Nature is better when shared with others and last week, it was great to welcome several local naturalists to the patch.
Another weekend, another trip to Silverlink, albeit with company on this occasion. Joined by Fiona Greenwold from ERIC North East, I helped lead a small group of Natural History Society members on a 2-hour walk around the site looking at plants and insects. A mini bioblitz, if you will.
On the plant front, little had changed since the week before. Except, perhaps, for a noticable increase in the amount of Small Scabious and Wild Carrot in bloom. The latter of which, alongside the copious flowers of Wild Parsnip, were attracting a fantastic variety of insects. Everlasting Pea is a species familar from the site but the white form below, spotted by a group member, was also a highlight. This no doubt grows here as an escape from cultivation.
Having recorded around 170 plant species at Silverlink, it is not often these days that a visit yeields a new species, never mind two! With more eyes on the lookout, however, today we found two exciting additions to the site’s flora. The first we think is Chalk Knapweed, despite appearing somewhat more robust than it should be. It certainly had the deeply-lobed leaves but alas, it could be an intermediate form. The second plant was Hoary Ragwort, a scarce species in the North East.
With a wealth of umbellifers in the bloom across the site, pollinating insects were present in abundance. Among these, hoverflies were particularly promitent and it was a nice to note a range of common species including Myathropa florea and Episyrphus balteatus. Slightly more interesting was the striking little hoverfly shown below: Riponnensia splendens. The parrallel lines on the thorax help identify this species.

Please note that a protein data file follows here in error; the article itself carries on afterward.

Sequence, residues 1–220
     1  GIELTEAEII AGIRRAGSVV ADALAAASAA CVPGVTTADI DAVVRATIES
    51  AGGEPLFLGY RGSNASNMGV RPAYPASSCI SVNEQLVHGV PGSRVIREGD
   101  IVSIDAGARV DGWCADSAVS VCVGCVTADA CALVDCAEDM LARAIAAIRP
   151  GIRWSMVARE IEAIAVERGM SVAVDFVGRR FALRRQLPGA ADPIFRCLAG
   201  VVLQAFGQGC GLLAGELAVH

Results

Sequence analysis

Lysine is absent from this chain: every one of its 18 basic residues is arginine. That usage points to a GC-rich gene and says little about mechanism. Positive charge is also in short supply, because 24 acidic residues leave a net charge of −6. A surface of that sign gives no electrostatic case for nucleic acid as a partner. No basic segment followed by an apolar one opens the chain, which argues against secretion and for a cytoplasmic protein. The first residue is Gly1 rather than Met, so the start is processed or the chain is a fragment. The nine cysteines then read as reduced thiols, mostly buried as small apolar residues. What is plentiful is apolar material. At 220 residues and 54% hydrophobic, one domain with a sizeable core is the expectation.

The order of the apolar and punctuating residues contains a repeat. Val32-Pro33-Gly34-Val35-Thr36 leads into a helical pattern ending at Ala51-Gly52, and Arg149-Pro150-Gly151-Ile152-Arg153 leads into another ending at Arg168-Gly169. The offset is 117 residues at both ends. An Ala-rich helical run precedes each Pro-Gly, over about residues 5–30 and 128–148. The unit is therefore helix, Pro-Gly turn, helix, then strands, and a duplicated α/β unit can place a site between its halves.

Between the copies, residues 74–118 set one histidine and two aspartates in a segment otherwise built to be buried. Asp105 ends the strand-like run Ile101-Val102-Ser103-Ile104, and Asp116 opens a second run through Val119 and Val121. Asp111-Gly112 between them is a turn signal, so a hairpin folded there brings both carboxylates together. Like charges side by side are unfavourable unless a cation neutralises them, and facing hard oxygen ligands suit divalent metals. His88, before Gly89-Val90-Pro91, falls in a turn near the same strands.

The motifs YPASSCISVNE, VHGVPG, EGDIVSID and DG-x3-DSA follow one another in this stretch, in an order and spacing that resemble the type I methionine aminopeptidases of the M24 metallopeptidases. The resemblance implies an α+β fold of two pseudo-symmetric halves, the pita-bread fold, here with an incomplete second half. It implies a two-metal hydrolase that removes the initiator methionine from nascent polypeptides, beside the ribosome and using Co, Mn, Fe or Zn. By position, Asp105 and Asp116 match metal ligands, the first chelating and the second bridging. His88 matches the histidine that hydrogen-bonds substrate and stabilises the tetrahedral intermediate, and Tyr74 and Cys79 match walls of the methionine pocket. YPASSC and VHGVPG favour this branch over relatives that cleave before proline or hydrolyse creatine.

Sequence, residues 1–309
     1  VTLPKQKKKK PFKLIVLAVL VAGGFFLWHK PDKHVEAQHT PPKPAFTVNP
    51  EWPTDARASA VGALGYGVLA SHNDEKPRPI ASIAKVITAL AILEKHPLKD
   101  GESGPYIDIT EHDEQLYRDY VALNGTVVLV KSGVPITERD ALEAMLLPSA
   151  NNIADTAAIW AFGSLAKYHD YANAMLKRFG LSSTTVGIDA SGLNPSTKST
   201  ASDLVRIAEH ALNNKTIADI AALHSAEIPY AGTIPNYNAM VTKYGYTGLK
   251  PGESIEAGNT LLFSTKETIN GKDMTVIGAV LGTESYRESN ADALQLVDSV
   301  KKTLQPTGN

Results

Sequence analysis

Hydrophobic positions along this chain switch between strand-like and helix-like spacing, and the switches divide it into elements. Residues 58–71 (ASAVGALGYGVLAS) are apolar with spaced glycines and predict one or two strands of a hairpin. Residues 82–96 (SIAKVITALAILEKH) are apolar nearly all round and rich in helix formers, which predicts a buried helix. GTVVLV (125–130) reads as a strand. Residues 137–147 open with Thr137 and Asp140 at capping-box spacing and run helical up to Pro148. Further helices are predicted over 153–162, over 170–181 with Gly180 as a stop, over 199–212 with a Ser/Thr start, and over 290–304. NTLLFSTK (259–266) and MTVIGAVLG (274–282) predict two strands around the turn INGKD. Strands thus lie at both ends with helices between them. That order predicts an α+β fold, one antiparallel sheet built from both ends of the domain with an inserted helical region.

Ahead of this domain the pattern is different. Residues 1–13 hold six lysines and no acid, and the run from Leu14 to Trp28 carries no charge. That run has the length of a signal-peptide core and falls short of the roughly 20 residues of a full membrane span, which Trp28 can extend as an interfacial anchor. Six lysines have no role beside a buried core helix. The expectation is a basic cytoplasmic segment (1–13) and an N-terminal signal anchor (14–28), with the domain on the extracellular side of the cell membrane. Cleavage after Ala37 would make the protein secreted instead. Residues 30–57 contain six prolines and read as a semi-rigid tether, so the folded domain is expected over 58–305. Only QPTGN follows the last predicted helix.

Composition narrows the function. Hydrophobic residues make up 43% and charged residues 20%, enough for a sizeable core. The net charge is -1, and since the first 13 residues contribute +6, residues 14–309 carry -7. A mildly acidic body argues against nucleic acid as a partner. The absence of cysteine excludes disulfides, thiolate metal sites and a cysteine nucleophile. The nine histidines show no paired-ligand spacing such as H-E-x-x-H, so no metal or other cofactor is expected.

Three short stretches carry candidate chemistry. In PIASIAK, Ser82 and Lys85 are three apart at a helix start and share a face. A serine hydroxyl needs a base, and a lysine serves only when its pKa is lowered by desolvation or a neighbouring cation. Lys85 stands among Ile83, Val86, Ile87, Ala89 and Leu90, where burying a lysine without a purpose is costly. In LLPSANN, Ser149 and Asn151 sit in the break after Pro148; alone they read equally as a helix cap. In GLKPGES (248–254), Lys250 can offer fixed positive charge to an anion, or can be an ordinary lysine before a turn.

Finally on the hoverfly front, we also noted large numbers of Chrysogaster solstitialis. With their vivid red eyes and black colouration, these hoverflies always stand out – particularly when perched atop the white flowers of Wild Carrot. Not a hoverfly and not identified with certainty, but I think the sawfly below could be Tenthredo distinguenda.
Slightly larger and more conspicuous than the aformentioned insects, while exploring one of the ponds on site, we were delighted to catch sight of this vibrant Southern Hawker. Perching for some time on a nearby rock, it surely proved a highlight of the day for many.
No trip to Silverlink in summer would be complete absent a look downward among the grasses and wildflowers. After last week’s fruitful search for bugs, this week there had been a noticable increase in another species, Calocoris roseomaculatus. This species has distinctive rosy patches on its forewings.
Finally, while seaching Silverlink’s grassland, it was nice too to stumble across my first Green Leafhopper. Fairly distinctive, at least as far as leafhoppers go, the turqoise colour of this little insect really stood out.